Cranberry Sauce with Apples and Ginger (Paleo, AIP, GAPS)

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cranberry sauce served in a white bowl with some orange zest sprinkled on top

“Red is the color of life.”
~ Mary Hogan

Cranberry Lover

I grew up on Cape Cod, and maybe that explains my love of cranberries. Even as a child with a crazy sweet tooth, I still liked the tart taste of those berries. I was first introduced to cranberry sauce at the Thanksgiving table, when my mother served it from a can. You know the kind: it released onto the plate with a distinctive suction sound, gloriously red with no sign of actual berries. I loved it! As I got older, I started buying cans of whole berry cranberry sauce. When I embarked on a healing diet, I switched to homemade. Why did I wait so long?! Cranberry sauce is incredibly easy to make, and puts all canned sauces to shame.


I also think it deserves a place on your table year-round, not just at Thanksgiving. It makes a great side dish or sauce any time of year. In addition to being delicious, it’s incredibly good for you. Dr. Terry Wahls recommends we eat berries every day.

Here are some reasons to eat cranberries, specifically:

  • They contain unique compounds called proanthocyanidins, which can prevent harmful bacteria from causing infections. Most famously, cranberries are noted for preventing urinary tract infections, but research suggests they might also prevent h.pylori overgrowth as well.
  • Cranberries have five different types of phytonutrients. In addition to giving them their vibrant red color, they have substantial health benefits for us, and research shows you need to eat the whole berries (not pills or extracts) to get the benefits.
  • They have numerous anti-inflammatory and antioxidant effects body wide, which supports the health of every cell in our body.
  • They have numerous digestive benefits: soothing our gums, stomach and colon lining, and also increasing the balance of good bacteria in our digestive tract.
  • They have numerous cardiovascular benefits: lowering blood pressure, preventing atherosclerosis, and balancing cholesterol.
  • Last but not least, there are 5 different ways they work to prevent cancer in the body.
  • If that doesn’t make you want to eat them more than once a year, I don’t know what will!

adapted from Nourished and Nurtured

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Cranberry Sauce with Apples and Ginger | Phoenix Helix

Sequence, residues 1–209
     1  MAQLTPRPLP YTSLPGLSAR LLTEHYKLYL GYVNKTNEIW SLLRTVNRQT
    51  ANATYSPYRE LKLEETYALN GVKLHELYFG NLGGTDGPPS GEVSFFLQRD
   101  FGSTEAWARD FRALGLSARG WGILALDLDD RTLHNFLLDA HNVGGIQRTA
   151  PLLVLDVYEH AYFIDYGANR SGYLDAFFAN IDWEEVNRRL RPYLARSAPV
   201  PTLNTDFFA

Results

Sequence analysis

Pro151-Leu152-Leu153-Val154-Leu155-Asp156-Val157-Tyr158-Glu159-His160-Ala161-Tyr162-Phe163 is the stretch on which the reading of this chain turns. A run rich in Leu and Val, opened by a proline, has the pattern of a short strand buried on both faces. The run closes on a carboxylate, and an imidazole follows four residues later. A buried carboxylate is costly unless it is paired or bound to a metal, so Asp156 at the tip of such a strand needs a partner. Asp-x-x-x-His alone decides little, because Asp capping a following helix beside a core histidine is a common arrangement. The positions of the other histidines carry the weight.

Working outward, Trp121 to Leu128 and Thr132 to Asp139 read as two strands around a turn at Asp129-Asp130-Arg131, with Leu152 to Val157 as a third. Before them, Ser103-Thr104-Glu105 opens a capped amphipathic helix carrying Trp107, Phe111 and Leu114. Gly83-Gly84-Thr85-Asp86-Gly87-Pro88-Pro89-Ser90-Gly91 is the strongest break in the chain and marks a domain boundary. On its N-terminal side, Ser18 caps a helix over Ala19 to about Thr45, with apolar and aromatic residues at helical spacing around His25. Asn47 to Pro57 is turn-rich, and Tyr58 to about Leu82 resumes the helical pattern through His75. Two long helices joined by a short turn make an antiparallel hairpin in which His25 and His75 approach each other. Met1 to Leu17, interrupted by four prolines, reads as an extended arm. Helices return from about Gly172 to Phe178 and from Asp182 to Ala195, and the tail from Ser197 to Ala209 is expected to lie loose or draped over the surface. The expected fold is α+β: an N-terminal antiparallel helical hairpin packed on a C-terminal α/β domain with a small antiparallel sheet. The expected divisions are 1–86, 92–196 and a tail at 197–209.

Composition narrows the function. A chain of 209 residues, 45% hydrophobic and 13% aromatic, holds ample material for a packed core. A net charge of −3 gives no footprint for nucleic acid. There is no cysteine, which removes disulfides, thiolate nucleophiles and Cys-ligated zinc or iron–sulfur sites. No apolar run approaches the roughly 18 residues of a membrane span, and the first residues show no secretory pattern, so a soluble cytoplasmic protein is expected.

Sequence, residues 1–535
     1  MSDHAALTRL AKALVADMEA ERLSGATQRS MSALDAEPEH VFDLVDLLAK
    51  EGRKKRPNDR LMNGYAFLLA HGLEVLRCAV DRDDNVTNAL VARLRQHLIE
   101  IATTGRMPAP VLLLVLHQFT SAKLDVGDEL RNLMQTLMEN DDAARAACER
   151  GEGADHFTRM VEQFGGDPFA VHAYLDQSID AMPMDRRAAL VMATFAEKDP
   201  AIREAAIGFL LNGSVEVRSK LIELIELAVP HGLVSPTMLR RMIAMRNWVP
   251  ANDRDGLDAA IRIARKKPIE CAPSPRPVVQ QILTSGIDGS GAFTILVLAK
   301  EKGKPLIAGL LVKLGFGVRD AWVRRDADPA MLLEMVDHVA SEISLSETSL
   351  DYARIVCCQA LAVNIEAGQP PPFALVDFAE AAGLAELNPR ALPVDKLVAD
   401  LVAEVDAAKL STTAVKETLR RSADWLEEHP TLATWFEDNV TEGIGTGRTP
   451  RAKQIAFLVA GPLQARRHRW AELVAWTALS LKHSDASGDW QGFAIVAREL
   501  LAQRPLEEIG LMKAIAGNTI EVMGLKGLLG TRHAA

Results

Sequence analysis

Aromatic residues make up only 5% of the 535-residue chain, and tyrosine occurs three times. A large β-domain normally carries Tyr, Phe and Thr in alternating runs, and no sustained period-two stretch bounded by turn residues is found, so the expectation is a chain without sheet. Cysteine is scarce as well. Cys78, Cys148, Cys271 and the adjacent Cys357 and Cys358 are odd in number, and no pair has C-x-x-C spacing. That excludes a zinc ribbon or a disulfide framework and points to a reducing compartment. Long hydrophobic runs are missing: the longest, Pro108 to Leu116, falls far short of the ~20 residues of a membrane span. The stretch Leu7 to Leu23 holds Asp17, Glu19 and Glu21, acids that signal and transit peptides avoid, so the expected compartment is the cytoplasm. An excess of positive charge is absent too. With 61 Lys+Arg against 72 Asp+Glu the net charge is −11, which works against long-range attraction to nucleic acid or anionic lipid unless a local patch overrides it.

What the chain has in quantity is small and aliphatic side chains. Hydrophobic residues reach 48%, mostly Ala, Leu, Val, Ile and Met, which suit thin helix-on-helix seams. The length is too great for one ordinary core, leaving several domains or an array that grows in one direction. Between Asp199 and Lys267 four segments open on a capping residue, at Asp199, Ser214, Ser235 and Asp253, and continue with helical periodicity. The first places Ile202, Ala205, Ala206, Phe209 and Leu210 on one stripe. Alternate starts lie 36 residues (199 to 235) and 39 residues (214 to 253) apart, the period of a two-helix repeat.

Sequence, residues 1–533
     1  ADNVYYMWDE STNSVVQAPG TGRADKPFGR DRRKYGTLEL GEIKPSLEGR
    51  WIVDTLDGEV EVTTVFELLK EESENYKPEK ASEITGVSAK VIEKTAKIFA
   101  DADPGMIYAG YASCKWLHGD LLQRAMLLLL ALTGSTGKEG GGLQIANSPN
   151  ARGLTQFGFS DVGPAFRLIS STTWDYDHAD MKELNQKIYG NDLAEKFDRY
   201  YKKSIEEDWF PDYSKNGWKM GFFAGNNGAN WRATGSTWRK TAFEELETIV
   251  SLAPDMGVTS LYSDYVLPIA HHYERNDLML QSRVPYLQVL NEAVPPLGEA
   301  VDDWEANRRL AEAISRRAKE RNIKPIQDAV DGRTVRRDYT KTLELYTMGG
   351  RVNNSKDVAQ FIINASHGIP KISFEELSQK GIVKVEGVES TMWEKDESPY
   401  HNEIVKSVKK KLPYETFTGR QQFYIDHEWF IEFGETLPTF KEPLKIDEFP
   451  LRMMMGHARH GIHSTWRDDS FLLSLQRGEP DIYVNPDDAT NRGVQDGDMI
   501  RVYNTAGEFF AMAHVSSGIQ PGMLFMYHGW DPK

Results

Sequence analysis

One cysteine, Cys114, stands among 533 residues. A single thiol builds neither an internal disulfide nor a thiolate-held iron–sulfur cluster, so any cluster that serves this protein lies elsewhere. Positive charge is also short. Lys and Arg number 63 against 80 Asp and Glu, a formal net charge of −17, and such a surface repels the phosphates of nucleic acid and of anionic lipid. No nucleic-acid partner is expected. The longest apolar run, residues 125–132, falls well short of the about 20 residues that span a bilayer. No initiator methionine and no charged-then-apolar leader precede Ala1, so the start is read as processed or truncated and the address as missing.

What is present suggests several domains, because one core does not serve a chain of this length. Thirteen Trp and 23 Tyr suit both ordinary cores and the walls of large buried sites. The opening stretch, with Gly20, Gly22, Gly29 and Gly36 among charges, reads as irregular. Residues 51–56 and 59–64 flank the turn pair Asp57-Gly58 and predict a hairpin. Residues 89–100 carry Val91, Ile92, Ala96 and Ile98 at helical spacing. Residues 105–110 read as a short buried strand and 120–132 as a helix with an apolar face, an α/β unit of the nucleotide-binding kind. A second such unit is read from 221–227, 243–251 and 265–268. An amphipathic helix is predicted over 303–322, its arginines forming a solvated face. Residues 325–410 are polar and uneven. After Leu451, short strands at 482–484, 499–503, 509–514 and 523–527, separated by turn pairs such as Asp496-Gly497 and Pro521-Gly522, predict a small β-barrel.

Cranberry Sauce with Apples and Ginger (Paleo, AIP, GAPS)

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  • Author: Eileen Laird
  • Total Time: 30 minutes
  • Yield: 4-6 servings


  • 10 oz. frozen cranberries
  • 2 medium apples, peeled & chopped
  • 1/2 tsp. finely grated fresh ginger (I like this ginger grater)
  • zest of 1 orange
  • a light sprinkle of sea salt
  • 1/4 cup raw honey
  • juice from lemon wedge


  1. Combine all ingredients except the lemon juice in a medium pot.
  2. Cover and cook over medium heat, stirring occasionally, for 20 minutes. The cranberries will start to break down.
  3. Taste test, and if it’s too tart, add a little more honey.
  4. Add the lemon juice, stir and cook 1 more minute.
  5. Cool and serve! How's that for easy?
  • Prep Time: 9 minutes
  • Cook Time: 21 minutes
  • Category: Side Dishes
  • Method: Stovetop

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Credit: recipe photograph taken by Christina Feindel

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15 comments on “Cranberry Sauce with Apples and Ginger (Paleo, AIP, GAPS)”

  1. Thanks for this recipe. I grew up on the west coast of BC, also near where cranberries are now commercially grown but whether or not they were grown commercially when I was a child I don’t know. My Mom made her own cranberry sauce … I had never seen canned sauce until I was an adult. lol

    1. Ironically, I grew up on Cape Cod which is famous for cranberries and there was a cranberry bog down the street. But my Mom always bought the canned sauce that was smooth and solid like jello! This is soooooo much better.

  2. Hi Eileen, thank you for sharing this recipe. About how many servings does this recipe yield? Trying to figure out if I need to double the batch for Thanksgiving. Thanks!

    1. Hi Lucy. I’m sorry for the delayed reply. I was out of town and offline for Thanksgiving. It’s hard to judge servings on cranberry sauce. I love it so much that I could eat the whole batch myself, but some people take just a small spoonful, especially at the buffet that is Thanksgiving. For a big group, I double it. For a small group, a single batch is enough.

  3. After the less than enthused result of the last cranberry sauce I made for Thanksgiving, I decided to use the cranberries I had leftover for this recipe, not willing to make the same mistake twice at Christmas. This was just what I was looking for. I too love the addition of the ginger and apples! It’s fresh, light, not overly bitter or sweet, an overall wonderful combination of flavor, and YES, simple. Thank you. This is my “go to” recipe now.

  4. I knew they had health benefits, but everything you wrote opened my eyes all the more! Thanks for sharing this at the Healthy Tuesday hop, Phoenix. 🙂

  5. This is my kinda recipe, Eileen. Love, love. I am such a huge fan of adding ginger to cranberry sauce. Such a pretty recipe for the season!
    I make a fig jelly with ginger that’s so yummy.
    Have a great week.

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